Neighborhoods hummed with the sound of chain saws Wednesday as residents cleared thousands of trees felled by a powerful, unseasonable windstorm that pummeled Anchorage. At least 50,000 homes and businesses lost power overnight.
Power utilities said it could be late Thursday before electricity is completely restored to roughly 10,000 customers still without power Wednesday afternoon. No one was seriously injured in the storm, but moderate damage was widespread. Sunrise Wednesday revealed smashed cars, demolished fences, splintered sheds, downed wires and crushed roofs.
The storm disrupted routines and caused confusion citywide. The Anchorage School District and University of Alaska Anchorage canceled classes. State offices closed and federal offices opened late. Cellphones didn't work. Websites went down. Airlines diverted flights. Anchorage firefighters were overwhelmed with hundreds of calls about snarled power lines and exploding transformers sparking small fires. Stop lights went dark. Morning rush-hour traffic crawled, with police officers posted at intersections, lights flashing.
In Northeast Anchorage, one of the hardest-hit parts of the city, cottonwoods lining a street north of Anchorage Baptist Temple looked like a giant stand of wheat mowed down by a scythe. Municipal crews chopped up birch that once sheltered the parking lot at Cheney Lake. Uprooted trees could be seen along nearly every north-south street from Chester Valley to Mountain View. Utility and city crews worked through neighborhoods, clearing hundreds of downed trees from streets and trails.
The National Weather Service recorded gusts of 88 mph at McHugh Creek and 63 mph at the Port of Anchorage. Much of the rest of the Anchorage Bowl had gusts topping out in the 60 mph range. Sensors in many of the windiest places, like the upper Hillside, lost power before the apex of the storm. Meteorologists said gusts likely reached 100 mph or more. On its Facebook page, the agency circulated one "unofficial" wind report from a resident, who said he measured gusts at 131 mph in the Glen Alps area.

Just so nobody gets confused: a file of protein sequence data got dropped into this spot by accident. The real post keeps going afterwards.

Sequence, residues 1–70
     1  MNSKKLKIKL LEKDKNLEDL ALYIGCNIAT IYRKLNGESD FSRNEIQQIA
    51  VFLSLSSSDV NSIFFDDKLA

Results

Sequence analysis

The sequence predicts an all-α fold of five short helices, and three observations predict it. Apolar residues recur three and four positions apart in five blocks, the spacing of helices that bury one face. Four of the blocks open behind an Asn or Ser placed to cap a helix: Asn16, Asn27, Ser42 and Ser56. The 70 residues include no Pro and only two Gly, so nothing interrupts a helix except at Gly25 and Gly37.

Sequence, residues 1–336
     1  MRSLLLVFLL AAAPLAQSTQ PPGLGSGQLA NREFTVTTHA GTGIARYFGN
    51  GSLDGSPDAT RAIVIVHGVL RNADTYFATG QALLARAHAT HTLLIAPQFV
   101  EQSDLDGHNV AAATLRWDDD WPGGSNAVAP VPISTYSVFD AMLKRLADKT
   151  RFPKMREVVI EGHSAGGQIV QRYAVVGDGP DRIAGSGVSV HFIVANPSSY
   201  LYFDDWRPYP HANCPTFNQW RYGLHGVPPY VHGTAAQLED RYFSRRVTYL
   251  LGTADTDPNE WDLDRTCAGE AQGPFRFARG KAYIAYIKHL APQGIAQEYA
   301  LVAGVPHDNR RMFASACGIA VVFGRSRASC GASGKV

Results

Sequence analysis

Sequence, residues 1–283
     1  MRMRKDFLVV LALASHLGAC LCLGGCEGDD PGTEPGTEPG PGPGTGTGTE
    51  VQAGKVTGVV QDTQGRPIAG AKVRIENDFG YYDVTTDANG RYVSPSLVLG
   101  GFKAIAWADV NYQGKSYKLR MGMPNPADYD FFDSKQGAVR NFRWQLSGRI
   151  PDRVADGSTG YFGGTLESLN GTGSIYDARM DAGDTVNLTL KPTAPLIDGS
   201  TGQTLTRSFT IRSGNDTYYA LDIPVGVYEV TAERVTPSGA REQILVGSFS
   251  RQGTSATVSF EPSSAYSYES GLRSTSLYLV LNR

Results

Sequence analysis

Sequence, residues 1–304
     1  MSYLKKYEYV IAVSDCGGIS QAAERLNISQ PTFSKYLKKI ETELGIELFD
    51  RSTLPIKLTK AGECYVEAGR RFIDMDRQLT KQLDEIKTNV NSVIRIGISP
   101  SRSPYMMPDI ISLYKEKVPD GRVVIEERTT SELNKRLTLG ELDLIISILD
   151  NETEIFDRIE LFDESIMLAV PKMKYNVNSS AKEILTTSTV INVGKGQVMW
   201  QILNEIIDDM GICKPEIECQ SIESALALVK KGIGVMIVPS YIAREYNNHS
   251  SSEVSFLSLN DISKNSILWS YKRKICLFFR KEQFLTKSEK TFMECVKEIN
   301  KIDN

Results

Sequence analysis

"Nobody here can remember a storm this strong, this early in the season," said meteorologist Shaun Baines.
Neighborhoods were full of scenes of tree cutting and lawn clearing as winds continued to jangle wind chimes. Children, out of school, rode bicycles through the downed branches.
People wandered the streets, photographing the damage and trading stories from the night before. Many described the eerie darkness that enveloped the city as power went out. Wind howled. Trees cracked. Transformers crackled and exploded, coloring the sky green. Some time after midnight, the moon came out and the sky filled with stars that aren't usually visible because of the city lights.
In Nunaka Valley, resident Heidi Bowlus heard a loud crack around 11 p.m. Peering out the window of her son Jack's room, she saw leaves and tree trunk. A six-story cottonwood with a 2-foot wide trunk had landed on the roof, smashing the deck. Not long after, two other large trees in the front yard began to list at a 45-degree angle, pulling up the turf around them like an old carpet.
"About then we sent our boys over to the neighbors to spend the night," Heidi said.
Wednesday afternoon, her husband was on the roof with his chain saw. She was still waiting for power, her refrigerator and freezer plugged into a generator.
On Glacier Street in East Anchorage, Kristine Fredrickson went outside to investigate shortly after she lost power.
"I thought, 'Why does it look like there's a monster blocking my driveway?' I shined a flashlight on it and it was like, 'Oh my god!' " Fredrickson said, pointing at the mess of branches and logs blocking the way out. "I'm thinking this is going to cost me about a grand. I don't have the money for this. ... This wasn't part of the plan."
The storm arrived while trees were still thick with leaves and heavy with sap, said Mike Post, owner of Tall Trees tree service. In the powerful winds, branches caught the gusts like sails. Trunks snapped and trees toppled, dragging huge root systems out of the water-softened ground.
State Farm Insurance reported 200 claims had been filed by mid-Wednesday, with more expected. Tree services such as Tall Trees were flooded with calls.
Post has been in business in Anchorage since the mid-'90s. He's never seen damage like Tuesday's.
"It's unbelievable how many trees have come down," he said.
Over in Mountain View, Michael Rodgers spent Wednesday sawing a enormous birch tree that took out his carport and the car inside. Drivers slowed as they passed, sticking cellphones out the window to shoot pictures. He stopped his work to mug for the camera.
"Need any firewood?"
Reporters Casey Grove and Mike Dunham contributed to this story.